Throughout each of Zhuangzi's passages, one can find the theme of life as is. It resonates voices that work on understanding and embracing life, as well as accepting that which is left unknown. The tone of each passage is direct as it is blunt, yet indirect in that it feels lighthearted. These passages act as parables; they are not upsetting tales.
Questions for Dreamers, Unanswerable by All
Part One, Inspired by Passage 2
1. If the enjoyment of life is a delusion, then are we miserable in truth?
2. Are those ever-attempting to achieve happiness damned to lives of unrelievable pain?
3. Is there any way to find some semblance of meaning, to peek through these curtains of fog?
4. Where is the outlet for those disillusioned few, who have tired of this discontent?
5. When we were young, were we aware of this world’s truths? Were we able to laugh in the face of death’s coffee-tainted expirations?
6. When did this life become home? When did the newly-formed begin to forget the rest, until this life became all they could know? An evolution of sorts, I suppose. Though is this truly the best way to cope?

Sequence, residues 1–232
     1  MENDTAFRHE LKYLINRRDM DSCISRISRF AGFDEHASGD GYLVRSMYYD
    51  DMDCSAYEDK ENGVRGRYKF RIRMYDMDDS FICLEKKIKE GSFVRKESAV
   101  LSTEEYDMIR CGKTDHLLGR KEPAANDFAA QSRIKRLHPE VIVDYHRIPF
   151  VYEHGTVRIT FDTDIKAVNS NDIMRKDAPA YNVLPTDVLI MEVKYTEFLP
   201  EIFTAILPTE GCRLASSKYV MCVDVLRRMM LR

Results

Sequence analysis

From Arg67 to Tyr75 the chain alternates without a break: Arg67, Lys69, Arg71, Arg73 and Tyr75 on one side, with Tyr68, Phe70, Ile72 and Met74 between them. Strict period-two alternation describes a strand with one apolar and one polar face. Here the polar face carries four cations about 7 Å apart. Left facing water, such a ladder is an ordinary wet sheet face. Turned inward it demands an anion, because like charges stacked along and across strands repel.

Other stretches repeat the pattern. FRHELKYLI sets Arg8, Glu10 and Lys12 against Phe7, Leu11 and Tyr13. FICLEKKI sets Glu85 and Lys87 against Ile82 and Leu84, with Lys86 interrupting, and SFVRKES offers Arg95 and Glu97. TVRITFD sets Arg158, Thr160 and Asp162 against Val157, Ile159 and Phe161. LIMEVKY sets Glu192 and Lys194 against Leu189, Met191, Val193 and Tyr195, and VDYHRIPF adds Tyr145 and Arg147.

7. I wonder if we will turn like flowers to the sun, when death returns in its earthly form ... does a cloud of enlightenment follow, thick like industrial-age smog?
8. Will we regret time spent in fear of what could possibly become? Time wasted, too afraid to weather the eye of an unforgiving storm.
9. If fools think they are awake, then what am I when made aware during a dream-like state?
10. Can any being make me aware of a state beyond the one I know?
11. Will death provide clarity or shall it plunge us further into a cycle of unknowns?
I Dream a Dream of Unreality
Part Two, Inspired by Passage 3
What is my truth if I dream of neither life nor fantasy? For I dream of nothing a rational person would be glad to relive. I may be glad to own thousands, if not millions of books, but when those books line shelves which circle sinkholes in the earth, am I still glad to be standing with them? And when I have gained independence, only to be followed by wolves, am I still proud to travel the world?
To be aware of myself, in the midst of a dream, coats the state with an unpleasant fear. When I wake to find that a world was unreal, I am confused as to the reality of it all. Could she, the me in my dreams, not be a valid being in some upside down world? Am I me, or am I she? The dream. The dreamed. The dreamer. Is there any distinction? Perhaps this is the transformation of things.
This piece was originally written for a class on ecological aesthetics. I have shared other works from that portfolio as well. Here are a few resources if you wish to further explore Zhuangzi, or the famous butterfly parable upon which I based Part One.